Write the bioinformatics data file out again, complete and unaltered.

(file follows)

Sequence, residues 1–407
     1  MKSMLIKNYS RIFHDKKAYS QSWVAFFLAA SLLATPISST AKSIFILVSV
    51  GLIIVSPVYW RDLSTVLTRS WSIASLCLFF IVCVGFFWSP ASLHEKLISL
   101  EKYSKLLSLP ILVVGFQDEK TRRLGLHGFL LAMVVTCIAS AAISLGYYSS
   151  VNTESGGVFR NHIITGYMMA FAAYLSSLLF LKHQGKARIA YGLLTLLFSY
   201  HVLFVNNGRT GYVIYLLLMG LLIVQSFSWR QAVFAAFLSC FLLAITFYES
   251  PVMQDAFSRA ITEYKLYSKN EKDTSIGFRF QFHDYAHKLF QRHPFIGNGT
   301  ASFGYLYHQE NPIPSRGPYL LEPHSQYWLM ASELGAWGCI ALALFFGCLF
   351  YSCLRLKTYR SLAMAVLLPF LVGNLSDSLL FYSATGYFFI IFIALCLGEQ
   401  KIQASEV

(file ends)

Sequence, residues 1–407
     1  MKSMLIKNYS RIFHDKKAYS QSWVAFFLAA SLLATPISST AKSIFILVSV
    51  GLIIVSPVYW RDLSTVLTRS WSIASLCLFF IVCVGFFWSP ASLHEKLISL
   101  EKYSKLLSLP ILVVGFQDEK TRRLGLHGFL LAMVVTCIAS AAISLGYYSS
   151  VNTESGGVFR NHIITGYMMA FAAYLSSLLF LKHQGKARIA YGLLTLLFSY
   201  HVLFVNNGRT GYVIYLLLMG LLIVQSFSWR QAVFAAFLSC FLLAITFYES
   251  PVMQDAFSRA ITEYKLYSKN EKDTSIGFRF QFHDYAHKLF QRHPFIGNGT
   301  ASFGYLYHQE NPIPSRGPYL LEPHSQYWLM ASELGAWGCI ALALFFGCLF
   351  YSCLRLKTYR SLAMAVLLPF LVGNLSDSLL FYSATGYFFI IFIALCLGEQ
   401  KIQASEV